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Dermatol Surg. 2001 Jun;27(6):561-4.

Squamous cell carcinoma in situ (Bowen's disease) in renal transplant patients treated with 5% imiquimod and 5% 5-fluorouracil therapy.

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  • 1Departments of Dermatology and Pathology, University of Alabama, 1720 University Blvd., Birmingham, AL 35294-0009, USA.

Abstract

BACKGROUND:

Depending upon the patient's age at transplant, skin type, sun exposure, and the need for immunosuppressive therapy to prevent rejection, there is escalation in the development of cutaneous malignancies in organ transplant patients a number of years after transplantation. Thus, with the expansion in these procedures over the past decades, and the ever-lengthening survival of these patients, we are seeing an increase in cutaneous malignancies in this patient population.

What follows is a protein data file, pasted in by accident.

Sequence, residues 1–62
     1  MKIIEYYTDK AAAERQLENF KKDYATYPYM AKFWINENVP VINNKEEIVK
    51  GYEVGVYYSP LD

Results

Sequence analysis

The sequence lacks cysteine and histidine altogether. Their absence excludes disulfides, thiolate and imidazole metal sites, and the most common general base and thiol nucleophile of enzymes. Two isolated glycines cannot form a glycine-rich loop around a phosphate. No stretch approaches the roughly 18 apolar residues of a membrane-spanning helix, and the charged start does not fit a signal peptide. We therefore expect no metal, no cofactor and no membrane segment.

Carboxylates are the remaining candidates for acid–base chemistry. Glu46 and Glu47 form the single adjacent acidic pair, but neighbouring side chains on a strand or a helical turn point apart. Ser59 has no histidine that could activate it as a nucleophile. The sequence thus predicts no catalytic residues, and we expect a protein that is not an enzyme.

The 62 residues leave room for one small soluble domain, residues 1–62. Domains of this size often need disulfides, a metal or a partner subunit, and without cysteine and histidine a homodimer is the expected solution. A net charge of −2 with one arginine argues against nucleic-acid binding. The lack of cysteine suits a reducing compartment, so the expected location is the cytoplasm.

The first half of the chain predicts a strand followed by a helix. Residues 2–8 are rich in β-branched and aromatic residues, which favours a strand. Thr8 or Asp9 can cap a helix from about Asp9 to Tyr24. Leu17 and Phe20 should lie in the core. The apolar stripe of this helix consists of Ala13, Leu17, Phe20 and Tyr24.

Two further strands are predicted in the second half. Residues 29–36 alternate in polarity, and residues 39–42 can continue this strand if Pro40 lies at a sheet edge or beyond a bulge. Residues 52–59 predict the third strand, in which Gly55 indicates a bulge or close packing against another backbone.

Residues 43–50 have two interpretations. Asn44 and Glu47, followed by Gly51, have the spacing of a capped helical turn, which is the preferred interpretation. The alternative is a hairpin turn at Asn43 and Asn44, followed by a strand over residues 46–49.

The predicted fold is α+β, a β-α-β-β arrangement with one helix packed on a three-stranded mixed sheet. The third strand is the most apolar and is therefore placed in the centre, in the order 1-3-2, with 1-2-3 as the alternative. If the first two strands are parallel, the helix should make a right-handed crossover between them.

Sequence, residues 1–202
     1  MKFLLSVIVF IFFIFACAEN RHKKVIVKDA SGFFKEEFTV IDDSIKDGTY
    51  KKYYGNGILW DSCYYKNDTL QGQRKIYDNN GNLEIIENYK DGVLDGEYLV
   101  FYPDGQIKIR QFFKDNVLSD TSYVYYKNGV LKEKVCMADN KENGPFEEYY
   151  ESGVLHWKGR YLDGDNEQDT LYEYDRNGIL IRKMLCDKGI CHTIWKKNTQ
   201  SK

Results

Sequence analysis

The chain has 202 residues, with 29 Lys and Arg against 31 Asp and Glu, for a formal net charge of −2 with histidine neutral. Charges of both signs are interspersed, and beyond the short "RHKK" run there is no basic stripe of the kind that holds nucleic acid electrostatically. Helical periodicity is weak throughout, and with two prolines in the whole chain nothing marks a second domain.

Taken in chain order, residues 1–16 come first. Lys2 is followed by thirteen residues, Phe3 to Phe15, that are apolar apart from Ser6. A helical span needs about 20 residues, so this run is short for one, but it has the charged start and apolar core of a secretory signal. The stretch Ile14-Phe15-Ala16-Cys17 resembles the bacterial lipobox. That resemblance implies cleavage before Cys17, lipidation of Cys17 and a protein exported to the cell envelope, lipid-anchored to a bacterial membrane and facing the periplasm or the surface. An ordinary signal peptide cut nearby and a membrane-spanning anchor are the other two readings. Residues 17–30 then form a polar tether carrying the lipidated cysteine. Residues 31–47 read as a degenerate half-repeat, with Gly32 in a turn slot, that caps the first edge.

OBJECTIVE:

To determine if combined therapy with 5% 5-fluorouracil and 5% imiquimod may be useful in the treatment of squamous cell carcinoma in situ.

METHODS:

We present five renal transplant patients, all more than 10 years posttransplantation, three with insulin-dependent diabetes, who developed multiple areas of squamous cell carcinoma (SCC) in situ. All these patients were on chronic immunosuppressive chemotherapy to prevent rejection, but were otherwise doing well. All the patients had biopsy-proven SCC in situ on their lower extremities that even in normal patients may be a challenge to treat.

RESULTS:

We treated these five patients with a combination of a local immune therapy, imiquimod cream, and a topical chemotherapeutic agent, 5% 5-fluorouracil (5-FU), with clearing of the areas of SCC in situ.

CONCLUSION:

Although immunotherapy must be used with caution in organ transplant patients to avoid graft rejection, topical imiquimod is a local immune modulator that potentiates local innate and possible adaptive immunity without measurable effects on systemic immunity. In addition, there is evidence that cytokines induced by imiquimod may improve the therapeutic efficacy of topical 5% 5-FU in the treatment of SCC in situ.

PMID:
11442593
[PubMed - indexed for MEDLINE]
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